Sports films: When the losers are in a different league

As a new motorcycle movie shows, sports films are more entertaining when the hero doesn't come first. By Kaleem Aftab
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The Independent Culture

Winning isn't everything, it's the only thing". So runs the famous American sports quotation first spouted on screen in the 1953 movie Trouble Along the Way. While that may be true in real life, it is definitely not the case in sports movies, where it's the stories about losers that have always proved far more gripping.

The latest film to recognise the allure of the nearly man is TT3D: Closer to the Edge. The documentary takes as its subject the famous motorcycle meet that takes place on the Isle of Man in which boy racers risk life and limb whizzing around on superbikes on the island roads. Narrated by Jared Leto, the action follows the series of races in 2010 when Ian Hutchinson became the first man to win all five solo races at a single Isle of Man TT meet.

Yet director Richard De Aragues chose not to concentrate on the record-breaking achievement of Hutchinson, but on Guy Martin, a rider who has won no races but through his tenacity and force of personality has become the so-called "people's champion". The director says, "I knew that I wanted to get into the psychology of the racers. Most importantly I did not want it to be a bike movie, it had to be a human story, and it had to be about someone trying really hard to get somewhere and not necessarily getting there."

As such Martin joins a list of intriguing cinematic sporting losers. Hoop Dreams, the 1994 documentary about aspiring basketball players, is considered by Spike Lee to be "one of the best films ever made". Director Steve James followed two Chicago-based basketball protégés as they set about trying to fulfil their dreams of becoming professional athletes.

The sporting scenes are fascinating, but it's the tales of their family life and how they have to come to terms with disappointment that really grip. The film becomes a cautionary tale rather than a parade of champions.

It's not just documentaries that are better when they peek at the sporty also-rans. Raging Bull is considered to be Martin Scorsese's masterpiece. What the director does so expertly is to show that the very traits that make Jake LaMotta a star in the ring are also the failings that make his life outside the ring such a misery.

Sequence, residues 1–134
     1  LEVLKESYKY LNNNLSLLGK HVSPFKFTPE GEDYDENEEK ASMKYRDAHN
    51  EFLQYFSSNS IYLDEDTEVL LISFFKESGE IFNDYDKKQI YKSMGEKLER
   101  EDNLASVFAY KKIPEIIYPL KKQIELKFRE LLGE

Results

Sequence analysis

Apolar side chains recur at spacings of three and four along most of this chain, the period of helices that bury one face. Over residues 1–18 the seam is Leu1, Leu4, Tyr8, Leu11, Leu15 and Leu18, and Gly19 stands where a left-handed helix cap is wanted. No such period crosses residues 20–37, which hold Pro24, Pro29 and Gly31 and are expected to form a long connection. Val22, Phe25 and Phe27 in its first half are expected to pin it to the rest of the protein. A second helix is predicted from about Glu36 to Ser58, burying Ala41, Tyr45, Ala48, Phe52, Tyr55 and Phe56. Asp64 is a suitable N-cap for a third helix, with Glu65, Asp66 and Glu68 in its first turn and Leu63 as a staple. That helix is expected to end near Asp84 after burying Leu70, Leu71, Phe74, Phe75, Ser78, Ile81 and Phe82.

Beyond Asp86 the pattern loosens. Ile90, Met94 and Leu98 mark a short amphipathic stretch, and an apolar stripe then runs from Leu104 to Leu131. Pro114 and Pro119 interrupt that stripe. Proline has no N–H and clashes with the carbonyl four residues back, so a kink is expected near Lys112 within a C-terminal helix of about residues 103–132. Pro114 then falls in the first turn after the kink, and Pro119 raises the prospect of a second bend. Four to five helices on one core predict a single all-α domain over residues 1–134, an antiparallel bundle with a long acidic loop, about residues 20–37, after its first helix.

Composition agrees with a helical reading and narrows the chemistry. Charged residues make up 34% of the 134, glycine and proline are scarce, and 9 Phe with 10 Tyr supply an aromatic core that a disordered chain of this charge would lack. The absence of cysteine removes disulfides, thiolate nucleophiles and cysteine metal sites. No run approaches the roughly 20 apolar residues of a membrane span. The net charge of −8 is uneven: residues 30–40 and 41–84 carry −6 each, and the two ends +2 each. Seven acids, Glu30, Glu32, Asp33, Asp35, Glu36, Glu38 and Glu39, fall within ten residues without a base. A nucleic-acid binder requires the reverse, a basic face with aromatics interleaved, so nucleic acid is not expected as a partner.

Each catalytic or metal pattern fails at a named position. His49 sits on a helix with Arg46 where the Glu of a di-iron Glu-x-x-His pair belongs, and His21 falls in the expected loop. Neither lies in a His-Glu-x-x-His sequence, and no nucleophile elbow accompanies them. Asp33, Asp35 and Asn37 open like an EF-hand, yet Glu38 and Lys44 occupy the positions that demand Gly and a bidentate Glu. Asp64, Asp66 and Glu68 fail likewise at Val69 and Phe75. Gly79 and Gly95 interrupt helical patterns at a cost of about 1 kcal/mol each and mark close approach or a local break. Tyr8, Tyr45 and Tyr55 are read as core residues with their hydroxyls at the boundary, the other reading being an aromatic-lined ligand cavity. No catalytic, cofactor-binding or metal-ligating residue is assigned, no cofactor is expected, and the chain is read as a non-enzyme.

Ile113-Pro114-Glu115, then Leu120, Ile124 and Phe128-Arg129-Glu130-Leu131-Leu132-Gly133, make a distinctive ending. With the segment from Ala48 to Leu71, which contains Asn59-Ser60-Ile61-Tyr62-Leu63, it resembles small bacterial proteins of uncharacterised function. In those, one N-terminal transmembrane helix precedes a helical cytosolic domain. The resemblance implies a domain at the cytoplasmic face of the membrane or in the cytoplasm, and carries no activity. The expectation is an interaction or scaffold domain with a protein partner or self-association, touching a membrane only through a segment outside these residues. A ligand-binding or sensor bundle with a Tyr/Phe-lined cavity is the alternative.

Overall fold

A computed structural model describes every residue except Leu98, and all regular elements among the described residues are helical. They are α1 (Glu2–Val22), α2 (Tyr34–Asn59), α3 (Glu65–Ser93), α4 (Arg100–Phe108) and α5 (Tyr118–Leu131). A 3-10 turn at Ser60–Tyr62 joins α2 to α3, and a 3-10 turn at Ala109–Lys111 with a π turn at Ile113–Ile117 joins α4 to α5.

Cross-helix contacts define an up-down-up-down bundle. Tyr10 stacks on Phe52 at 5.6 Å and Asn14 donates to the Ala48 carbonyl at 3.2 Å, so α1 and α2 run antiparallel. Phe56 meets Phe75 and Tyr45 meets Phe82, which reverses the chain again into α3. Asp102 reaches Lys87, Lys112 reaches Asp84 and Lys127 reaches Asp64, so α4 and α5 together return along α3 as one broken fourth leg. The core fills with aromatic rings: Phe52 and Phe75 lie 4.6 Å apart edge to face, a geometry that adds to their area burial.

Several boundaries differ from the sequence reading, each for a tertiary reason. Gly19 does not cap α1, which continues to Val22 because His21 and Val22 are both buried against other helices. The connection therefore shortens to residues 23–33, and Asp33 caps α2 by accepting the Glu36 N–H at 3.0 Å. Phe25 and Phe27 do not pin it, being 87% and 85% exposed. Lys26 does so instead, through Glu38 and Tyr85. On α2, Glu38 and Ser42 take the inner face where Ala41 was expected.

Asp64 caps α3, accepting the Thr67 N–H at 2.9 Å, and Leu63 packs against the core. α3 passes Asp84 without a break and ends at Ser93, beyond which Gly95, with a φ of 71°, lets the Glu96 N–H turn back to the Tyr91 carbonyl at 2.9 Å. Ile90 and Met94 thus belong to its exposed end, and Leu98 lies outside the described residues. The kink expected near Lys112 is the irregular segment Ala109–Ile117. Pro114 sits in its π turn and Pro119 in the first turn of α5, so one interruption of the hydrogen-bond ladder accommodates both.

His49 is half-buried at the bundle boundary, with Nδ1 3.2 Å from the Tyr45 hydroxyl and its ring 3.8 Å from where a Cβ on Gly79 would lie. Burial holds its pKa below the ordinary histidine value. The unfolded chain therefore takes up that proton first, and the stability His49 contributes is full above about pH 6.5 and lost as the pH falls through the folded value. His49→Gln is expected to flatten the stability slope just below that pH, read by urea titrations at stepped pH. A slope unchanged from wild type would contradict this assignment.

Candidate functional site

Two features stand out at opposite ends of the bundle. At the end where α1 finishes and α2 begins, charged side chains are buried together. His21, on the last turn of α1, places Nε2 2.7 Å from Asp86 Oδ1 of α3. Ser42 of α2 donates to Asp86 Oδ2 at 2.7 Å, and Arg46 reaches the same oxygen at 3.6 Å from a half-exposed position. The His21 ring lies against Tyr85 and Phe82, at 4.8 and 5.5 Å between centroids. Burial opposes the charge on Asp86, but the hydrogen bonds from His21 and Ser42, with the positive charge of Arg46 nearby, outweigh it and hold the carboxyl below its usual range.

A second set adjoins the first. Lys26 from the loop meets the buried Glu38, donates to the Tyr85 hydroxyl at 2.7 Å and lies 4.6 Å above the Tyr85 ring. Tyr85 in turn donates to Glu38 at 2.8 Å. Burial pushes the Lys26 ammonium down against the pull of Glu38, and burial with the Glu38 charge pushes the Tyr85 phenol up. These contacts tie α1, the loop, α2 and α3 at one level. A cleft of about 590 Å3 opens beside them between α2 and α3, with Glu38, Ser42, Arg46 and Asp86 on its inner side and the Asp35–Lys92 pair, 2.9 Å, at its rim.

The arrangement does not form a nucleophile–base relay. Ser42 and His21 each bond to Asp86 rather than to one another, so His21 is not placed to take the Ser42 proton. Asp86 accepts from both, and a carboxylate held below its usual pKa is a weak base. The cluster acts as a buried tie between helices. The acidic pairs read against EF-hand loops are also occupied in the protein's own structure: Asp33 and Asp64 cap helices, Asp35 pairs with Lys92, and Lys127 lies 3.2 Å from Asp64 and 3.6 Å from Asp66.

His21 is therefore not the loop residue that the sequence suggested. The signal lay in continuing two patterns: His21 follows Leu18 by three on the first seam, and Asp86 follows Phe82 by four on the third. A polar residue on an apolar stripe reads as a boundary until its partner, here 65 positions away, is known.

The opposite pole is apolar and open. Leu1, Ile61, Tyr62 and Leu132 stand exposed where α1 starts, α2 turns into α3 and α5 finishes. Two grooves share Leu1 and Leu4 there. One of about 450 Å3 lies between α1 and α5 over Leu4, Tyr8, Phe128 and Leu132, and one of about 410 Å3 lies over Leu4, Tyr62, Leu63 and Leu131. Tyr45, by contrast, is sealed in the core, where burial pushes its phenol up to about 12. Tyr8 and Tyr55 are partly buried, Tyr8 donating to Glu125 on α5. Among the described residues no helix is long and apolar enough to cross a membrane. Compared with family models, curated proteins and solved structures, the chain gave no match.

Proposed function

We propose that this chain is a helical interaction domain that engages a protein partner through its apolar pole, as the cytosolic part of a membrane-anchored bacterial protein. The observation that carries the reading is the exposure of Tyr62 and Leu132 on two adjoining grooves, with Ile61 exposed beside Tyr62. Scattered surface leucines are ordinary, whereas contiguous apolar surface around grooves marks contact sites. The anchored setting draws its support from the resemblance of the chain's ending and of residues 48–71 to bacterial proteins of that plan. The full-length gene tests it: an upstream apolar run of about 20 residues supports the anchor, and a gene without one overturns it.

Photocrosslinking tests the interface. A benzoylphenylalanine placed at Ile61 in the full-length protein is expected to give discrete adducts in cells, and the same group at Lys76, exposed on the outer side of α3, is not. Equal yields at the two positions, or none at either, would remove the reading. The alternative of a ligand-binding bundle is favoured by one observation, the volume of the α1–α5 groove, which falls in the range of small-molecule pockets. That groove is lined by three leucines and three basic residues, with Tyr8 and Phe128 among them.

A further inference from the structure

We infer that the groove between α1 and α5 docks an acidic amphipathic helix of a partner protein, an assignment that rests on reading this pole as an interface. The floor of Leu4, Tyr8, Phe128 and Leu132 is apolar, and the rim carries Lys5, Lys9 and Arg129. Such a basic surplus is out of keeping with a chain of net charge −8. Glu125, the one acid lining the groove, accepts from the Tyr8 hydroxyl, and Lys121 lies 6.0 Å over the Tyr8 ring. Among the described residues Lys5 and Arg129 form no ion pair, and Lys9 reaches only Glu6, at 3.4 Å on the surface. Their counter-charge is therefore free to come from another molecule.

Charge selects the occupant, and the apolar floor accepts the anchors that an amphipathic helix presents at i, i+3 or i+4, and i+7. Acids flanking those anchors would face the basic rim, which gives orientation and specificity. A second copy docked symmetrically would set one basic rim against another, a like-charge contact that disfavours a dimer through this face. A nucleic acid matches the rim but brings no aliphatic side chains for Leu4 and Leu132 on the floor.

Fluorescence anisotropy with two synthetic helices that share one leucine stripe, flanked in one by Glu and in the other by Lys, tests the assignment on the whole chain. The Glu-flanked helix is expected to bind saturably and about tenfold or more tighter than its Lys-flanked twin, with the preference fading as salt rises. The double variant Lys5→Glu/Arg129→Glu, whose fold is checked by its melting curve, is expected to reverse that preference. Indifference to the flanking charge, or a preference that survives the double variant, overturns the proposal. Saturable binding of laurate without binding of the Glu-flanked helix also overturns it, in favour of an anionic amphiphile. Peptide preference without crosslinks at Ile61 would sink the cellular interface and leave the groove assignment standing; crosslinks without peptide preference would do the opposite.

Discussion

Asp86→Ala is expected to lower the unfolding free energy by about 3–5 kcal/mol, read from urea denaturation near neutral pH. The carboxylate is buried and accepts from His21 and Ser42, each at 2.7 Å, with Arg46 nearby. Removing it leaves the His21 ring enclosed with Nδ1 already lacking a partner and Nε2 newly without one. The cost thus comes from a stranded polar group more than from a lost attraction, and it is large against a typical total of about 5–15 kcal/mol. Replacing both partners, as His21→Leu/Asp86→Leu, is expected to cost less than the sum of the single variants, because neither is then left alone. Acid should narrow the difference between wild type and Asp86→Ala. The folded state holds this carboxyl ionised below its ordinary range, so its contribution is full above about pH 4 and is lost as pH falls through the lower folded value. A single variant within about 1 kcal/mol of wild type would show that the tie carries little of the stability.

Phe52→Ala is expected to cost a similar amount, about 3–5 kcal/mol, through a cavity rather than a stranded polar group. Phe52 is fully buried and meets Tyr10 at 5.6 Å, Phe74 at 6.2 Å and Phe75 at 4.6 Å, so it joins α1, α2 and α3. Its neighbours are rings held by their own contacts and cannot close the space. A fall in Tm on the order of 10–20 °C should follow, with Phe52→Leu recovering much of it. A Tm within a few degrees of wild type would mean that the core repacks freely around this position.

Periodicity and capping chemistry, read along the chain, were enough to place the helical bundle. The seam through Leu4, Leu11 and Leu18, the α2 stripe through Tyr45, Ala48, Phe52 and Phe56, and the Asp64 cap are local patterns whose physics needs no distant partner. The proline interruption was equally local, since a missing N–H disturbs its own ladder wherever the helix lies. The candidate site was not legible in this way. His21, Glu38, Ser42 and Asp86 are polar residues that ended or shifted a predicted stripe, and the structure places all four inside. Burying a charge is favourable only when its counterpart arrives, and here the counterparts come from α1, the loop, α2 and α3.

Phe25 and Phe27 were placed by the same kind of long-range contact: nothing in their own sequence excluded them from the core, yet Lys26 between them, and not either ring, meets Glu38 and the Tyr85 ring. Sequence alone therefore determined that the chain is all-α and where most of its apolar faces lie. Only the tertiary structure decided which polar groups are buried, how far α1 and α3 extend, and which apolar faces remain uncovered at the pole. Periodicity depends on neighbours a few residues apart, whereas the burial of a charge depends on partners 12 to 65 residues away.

Take the Rocky series of films, too. The only two worth watching are the first film and the final one, Rocky Balboa. The common aspect is that neither ends with Rocky winning the title. One of the many problems with the other Rocky films, and it's an issue that afflicts nearly all films about sporting winners, is that they usually end with a big game where the protagonist is triumphant.

That's why David O Russell's The Fighter disappointed. The Mickey Ward story is only so much a tale about a boxer becoming a world champion against the odds. In choosing to end the film with Ward winning the title, the director failed to recognise how Ward actually helped to change the face of modern boxing. Ward's most iconic fights were his three battles against Arturo Gatti, a fighter who doesn't feature in the film. What's important about them is that they marked the moment when it became clear that boxing was no longer about holding titles but about which fighters audiences were willing to pay to watch on television.

Even when films are about sporting legends, they're better when the legends fail. Take Zidane: a 21st Century Portrait: cameras followed the Real Madrid star at work on the pitch, but the highlight of the movie was watching frustrations get the better of the World Cup winner and seeing him implode and get a red card.

I for one have a great deal of anticipation for the long-mooted Eddie "the Eagle" Edwards film. It's a rare beast, like Chariots of Fire, where victory makes successful spectacle. For the most part, it's the hard knocks and losses that make many sporting movies great.

'TT3D: Closer to the Edge' is on general release